Hot Tub Buying Tips
A good hot tub should provide many years of relaxation and enjoyment. Here's how to buy the best one for the money.
Soothe aching muscles and soak away stress when you relax in the warm, bubbling waters of your own hot tub. Here's what to consider before you buy.
Tub TypesYou'll find hot tubs made of cedar, molded fiberglass, or acrylic (or a combination of fiberglass and acrylic) within a redwood or cedar cabinet for durability in all kinds of weather. Each offers advantages and disadvantages. While cedar tubs provide a natural, rustic look and pleasing scent from a sustainable material, they require more intensive maintenance and aren't typically as comfortable as acrylic or fiberglass models, which usually feature seating that conforms to your body. Both fiberglass and acrylic tubs are considered durable, but acrylic is now the most common material.
Size MattersHot tubs offer various seating capacities and depths. Purchase one as an intimate escape for two or opt for one large enough to accommodate your entire family or a group of friends. Most people find a hot tub that's three to four feet deep most comfortable so the water rises above their shoulders.
Location, LocationDecide where you want to place the hot tub. Look for a spot close to an entry so the tub easy to use. Make sure the area is large enough to hold the hot tub that you plan to buy and that the surface can support the weight of the tub when it's filled with water and people. You'll also need an electric outlet nearby and access to water to fill the tub. (While most tub filters and heaters operate on electricity, you can also opt for natural gas or other power sources.)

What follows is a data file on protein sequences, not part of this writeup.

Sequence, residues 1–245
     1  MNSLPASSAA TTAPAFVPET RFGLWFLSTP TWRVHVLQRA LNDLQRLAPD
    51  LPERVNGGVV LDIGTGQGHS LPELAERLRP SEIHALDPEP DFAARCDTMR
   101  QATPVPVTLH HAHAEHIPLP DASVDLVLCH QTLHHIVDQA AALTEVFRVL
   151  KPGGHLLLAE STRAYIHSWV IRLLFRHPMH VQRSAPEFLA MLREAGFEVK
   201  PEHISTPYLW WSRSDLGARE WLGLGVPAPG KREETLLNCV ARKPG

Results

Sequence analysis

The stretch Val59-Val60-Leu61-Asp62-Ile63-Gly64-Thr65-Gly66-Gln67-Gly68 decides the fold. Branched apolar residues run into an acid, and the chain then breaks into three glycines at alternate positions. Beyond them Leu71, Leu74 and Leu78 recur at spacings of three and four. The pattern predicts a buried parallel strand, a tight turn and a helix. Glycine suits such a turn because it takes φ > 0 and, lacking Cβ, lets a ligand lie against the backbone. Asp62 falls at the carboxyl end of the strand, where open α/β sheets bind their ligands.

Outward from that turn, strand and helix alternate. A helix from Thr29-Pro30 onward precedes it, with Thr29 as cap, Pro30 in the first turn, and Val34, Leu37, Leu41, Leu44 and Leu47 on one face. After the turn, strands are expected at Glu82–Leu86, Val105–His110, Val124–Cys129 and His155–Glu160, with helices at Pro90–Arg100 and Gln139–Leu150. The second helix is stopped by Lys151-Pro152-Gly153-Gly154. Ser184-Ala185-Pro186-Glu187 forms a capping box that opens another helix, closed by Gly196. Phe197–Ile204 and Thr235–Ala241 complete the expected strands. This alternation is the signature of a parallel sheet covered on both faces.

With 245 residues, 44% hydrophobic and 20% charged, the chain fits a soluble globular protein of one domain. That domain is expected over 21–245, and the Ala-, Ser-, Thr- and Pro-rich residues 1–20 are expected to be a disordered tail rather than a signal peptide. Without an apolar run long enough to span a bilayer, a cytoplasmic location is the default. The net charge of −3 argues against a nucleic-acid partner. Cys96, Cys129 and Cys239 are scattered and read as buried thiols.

If you purchase an acrylic tub, position it so it doesn't receive long hours of direct sunlight, as the surface may fade and bubble.
Browse more hot tubs and spa products and ideas.
Taking CareVisit with hot tub dealers to learn how their spa models are maintained (knowing that all hot tubs require regularly checking the water's pH levels). Three sanitation systems are most common—chlorine, ozone, and salt water. Each offers pros and cons, so learn which one works best for your budget and schedule. Also, select a hot tub with a cleanable filter and quality, quiet pumps.
Cover ChargeSelect a model with a quality insulated cover to hold in the heat, keep out debris, and protect the interior from damage. A lockable cover is a necessity if children are around.
Bells and WhistlesDepending on your budget, you may also consider hot tub models with fun and soothing features such as a waterfall, special lighting effects, aromatherapy, and wireless audio and visual equipment.
Other CostsIn addition to the cost of the initial purchase price, your utility bill will increase as you power and heat your tub. Look for energy-efficient features to minimize operating costs, such as a fully insulated tub and cover. Check the energy efficiency of the water pump and heater as well.
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